The next challenge was to see if I could get someone to help me figure out what to do. I went downstairs and across the yard to the Service Office where the lady who usually could not speak English suddenly announced in fluid British English that she would send someone upright way after I mimed lights going out and a large explosion.
And she was as good as her word. In a few minutes after I had gotten back to the apartment young, well groomed young man of about 20 showed up who spoke impeccable English and listened to my explanation of the fact that the washing machine had blown not only my breaker but the one in the electrical room as well. Although he checked my story out by entering the hall electrical room and making sure I still had enough credit on the meter first he proceeded to send up a repair person who had a key to the breakers there.
A brief aside here is probably necessary for those who haven’t travelled extensively out of North America. In Canada and the U.S. of A. we generally get our utilities based on trust although that is sometimes abetted by a deposit. In most of the world you have a meter for each utility which has to be fed money. In England it was shilling coins while in China it is a plastic card with a chip embedded which you charge up at the bank. Which reminds me I had better make sure out gas and electrical cards have some credit on them in case we run out down the road.
The water? you ask? No the water in Beijing is the exception.
Although we have both a hot water meter and two cold water meters, they trust us enough to bill us, although the Service lady down stairs who spoke clearly yesterday haltingly told me today that “never sure when” “Probable every 3 month” but she had no idea which month. It actually turned out to be 6 months and only cost us about 400 Yuan or $70 Canadian.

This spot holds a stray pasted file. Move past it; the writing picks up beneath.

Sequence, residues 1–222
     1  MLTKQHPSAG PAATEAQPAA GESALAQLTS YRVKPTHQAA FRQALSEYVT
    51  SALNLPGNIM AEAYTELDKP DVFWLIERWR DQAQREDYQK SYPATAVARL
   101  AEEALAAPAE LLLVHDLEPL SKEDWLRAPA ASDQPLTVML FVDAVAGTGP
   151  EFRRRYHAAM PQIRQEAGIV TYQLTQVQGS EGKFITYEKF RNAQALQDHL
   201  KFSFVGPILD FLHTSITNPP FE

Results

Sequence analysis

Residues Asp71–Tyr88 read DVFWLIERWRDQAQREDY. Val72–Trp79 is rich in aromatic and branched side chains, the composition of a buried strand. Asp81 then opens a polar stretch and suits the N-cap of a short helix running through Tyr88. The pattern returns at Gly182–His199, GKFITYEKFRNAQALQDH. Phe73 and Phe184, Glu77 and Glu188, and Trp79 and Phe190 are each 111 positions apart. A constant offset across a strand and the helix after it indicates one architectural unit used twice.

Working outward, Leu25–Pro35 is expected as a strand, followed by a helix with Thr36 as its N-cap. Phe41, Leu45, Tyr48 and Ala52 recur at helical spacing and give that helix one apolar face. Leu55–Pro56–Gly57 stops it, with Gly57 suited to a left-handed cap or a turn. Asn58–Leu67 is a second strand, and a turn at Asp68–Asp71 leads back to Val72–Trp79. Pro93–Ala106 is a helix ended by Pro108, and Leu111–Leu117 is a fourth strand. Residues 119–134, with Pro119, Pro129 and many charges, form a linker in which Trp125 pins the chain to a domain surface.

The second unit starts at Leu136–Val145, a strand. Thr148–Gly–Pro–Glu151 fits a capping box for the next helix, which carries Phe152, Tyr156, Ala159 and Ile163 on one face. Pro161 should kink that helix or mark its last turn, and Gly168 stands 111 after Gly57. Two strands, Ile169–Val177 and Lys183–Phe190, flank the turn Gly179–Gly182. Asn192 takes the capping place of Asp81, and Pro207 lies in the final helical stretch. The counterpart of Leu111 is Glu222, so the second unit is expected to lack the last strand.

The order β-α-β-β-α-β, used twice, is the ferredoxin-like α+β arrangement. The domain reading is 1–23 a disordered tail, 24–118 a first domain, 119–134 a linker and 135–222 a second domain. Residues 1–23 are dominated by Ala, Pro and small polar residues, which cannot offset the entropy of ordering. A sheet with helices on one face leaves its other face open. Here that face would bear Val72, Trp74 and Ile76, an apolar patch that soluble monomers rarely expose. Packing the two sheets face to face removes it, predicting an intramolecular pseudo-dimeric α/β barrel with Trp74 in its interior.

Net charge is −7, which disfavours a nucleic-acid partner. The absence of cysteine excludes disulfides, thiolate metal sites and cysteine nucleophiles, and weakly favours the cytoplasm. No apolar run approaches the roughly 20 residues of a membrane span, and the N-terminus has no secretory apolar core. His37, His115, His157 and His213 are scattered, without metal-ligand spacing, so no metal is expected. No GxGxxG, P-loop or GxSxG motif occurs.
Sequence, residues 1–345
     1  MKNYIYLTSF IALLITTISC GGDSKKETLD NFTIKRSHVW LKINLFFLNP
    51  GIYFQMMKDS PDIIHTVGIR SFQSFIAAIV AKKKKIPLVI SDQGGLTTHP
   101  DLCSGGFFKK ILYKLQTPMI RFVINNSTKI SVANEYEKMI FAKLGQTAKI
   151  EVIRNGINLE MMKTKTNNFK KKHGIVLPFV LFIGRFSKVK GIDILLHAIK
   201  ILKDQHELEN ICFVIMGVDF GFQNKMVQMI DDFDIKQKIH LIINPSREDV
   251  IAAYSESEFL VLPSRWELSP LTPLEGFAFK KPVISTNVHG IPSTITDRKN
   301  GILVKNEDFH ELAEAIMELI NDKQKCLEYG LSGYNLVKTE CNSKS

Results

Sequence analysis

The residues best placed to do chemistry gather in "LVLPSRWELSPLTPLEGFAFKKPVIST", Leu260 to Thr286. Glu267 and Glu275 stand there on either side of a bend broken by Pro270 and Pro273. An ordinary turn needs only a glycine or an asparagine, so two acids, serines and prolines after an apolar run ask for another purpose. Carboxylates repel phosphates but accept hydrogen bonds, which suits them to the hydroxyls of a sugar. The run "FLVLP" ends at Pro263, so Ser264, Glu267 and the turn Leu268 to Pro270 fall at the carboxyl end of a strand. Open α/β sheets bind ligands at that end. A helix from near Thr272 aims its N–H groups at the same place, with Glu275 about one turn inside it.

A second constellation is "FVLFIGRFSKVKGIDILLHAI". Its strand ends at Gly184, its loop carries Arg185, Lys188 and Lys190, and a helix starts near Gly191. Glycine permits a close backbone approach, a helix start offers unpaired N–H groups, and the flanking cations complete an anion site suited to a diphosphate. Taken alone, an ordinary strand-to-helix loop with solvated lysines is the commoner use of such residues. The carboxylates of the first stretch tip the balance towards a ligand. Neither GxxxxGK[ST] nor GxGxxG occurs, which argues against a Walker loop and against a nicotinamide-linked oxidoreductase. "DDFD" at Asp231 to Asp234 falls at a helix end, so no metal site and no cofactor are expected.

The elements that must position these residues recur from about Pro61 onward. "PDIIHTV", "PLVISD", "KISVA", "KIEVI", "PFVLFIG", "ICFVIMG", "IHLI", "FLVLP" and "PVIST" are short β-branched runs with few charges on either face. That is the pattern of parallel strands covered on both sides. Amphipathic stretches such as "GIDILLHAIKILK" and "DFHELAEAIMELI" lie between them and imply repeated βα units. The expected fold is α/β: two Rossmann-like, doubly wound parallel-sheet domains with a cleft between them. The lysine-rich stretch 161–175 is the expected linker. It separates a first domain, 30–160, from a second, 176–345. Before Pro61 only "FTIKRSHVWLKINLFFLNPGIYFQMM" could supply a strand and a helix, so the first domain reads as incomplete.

So here I was with the power back on but a problem not knowing whether the machine would blow the fuse again or was going to act ok. I stopped the electrical man from leaving and waved him into our apartment where I mimed turning it on again to see if it blew the breakers again. Surprisingly, he readily agreed by nodding vigorously. He stood by while I once again pushed the button. If he was expecting nothing to happen he was in for a surprise and, by the look on his face, shock. There was an even louder bang than before, the lights all went out and in the now late afternoon gloom a dramatic light show took place under the washer. It probably only lasted a second or two but there was enough arching and sputtering to make us both regard each other rather soberly as I reached over and removed the plug from the wall. He reset the breakers again and I showed him I had no intention of plugging the machine back in and he left. The landlord was apologetic when I called him but says he can’t do anything until Sunday but will bring me a new machine then. So the next challenge to to find a laundry near by.
The reason Debbie’s adrenalin got flowing happened that evening when, after shopping for hours for practical life materials for her Montessori training class, and almost as much time trying to get bleach and vinegar for cleaning, she discovered at the checkout that she didn’t have here bank card. They would take neither Mastercard nor Visa although I noticed both signs on the doors as we left but thankfully we had enough cash to get the Montessori materials and I will have to get the other supplies another day.
Debbie spent a sleepless night only to find that in the morning it was in a different place in her wallet than she had looked. We’ve all done that.
Tomorrow I will try to relate the saga of getting internet working in China. Hopefully by then I will be successful.